Law & Government
A friend recently had a fire at her home. Fortunately, no one was injured. It did cause lots of damage and has left our circle of friends all pitching in to untangle an insurance claim. Few things in my legal career have been as frustrating as insurance claims. The following should help if you ever have a claim.
1. The best place to start in avoiding problems is choosing the right agent. When you shop for insurance, ask the agent about the claims process. How long does it usually take to get back to you? Ask details. How much do I have to do myself if there is a fire or crash? Will the company help me find the appropriate repair people if I want help? Will the agent be involved at all? An agent’s answers to these questions should give you an idea of their real knowledge and cooperative attitude. If they do not know any of these answers – find someone more seasoned. I always recommend someone local so they are near if you have a problem.
2.Read your insurance policy BEFORE you have a claim. This applies to your homeowner’s (or renter’s) insurance as well as auto. Read the policy and ask the agent or company any questions you have in advance. Then, put the policy somewhere you will be able to find it. The last thing you want is to have the insurance company deny your claim and have no idea how to verify what they say about your policy.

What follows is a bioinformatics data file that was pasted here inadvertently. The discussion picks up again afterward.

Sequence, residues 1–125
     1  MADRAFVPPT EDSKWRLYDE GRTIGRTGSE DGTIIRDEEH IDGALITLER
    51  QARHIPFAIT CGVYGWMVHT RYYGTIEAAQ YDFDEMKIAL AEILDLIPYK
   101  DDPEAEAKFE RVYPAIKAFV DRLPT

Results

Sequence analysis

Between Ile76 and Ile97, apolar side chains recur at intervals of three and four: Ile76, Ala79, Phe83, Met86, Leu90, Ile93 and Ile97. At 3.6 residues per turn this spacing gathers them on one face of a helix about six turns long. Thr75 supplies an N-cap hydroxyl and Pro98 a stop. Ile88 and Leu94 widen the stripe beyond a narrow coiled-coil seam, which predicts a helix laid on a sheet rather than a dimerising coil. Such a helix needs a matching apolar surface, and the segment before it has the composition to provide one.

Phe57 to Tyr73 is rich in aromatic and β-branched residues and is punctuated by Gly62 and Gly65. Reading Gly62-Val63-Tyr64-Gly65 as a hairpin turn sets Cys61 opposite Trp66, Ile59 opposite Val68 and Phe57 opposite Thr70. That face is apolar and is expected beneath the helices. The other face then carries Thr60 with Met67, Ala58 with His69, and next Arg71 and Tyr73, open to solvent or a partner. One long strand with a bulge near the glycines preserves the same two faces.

3.If you have an accident, fire or other loss and make an insurance claim, your claim will be assigned to an adjuster. This adjuster works for the insurance company. Remember, the less they pay you for your claim, the more money the company makes. The adjuster generally does not have the final word on the value of your claim. You can, and should, negotiate with them. Be prepared to give them facts, not opinions. “That does not seem fair” is not a statement that will interest most adjusters. However, saying, “I have a receipt for the new lawnmower that was lost in my garage fire” will be helpful.
4.If you experience property damage that will require re-construction, I highly recommend working with a contractor who has previously worked with insurance companies. This person may consider clean up or construction details that you may not. Furthermore, they will likely be able to communicate effectively with the insurance company.
5.Despite some hassles along the way, most people get an appropriate amount of money to cover their insured loss. If this does not happen, seek the advice of an attorney as a last resort.
This column does not seek to provide legal advice. Neither Tommie Jo Marsilio nor the Villager are providing legal advice to readers. This column is for education and entertainment only. The advice of an attorney or other professional should be sought regarding any individual situation or legal question.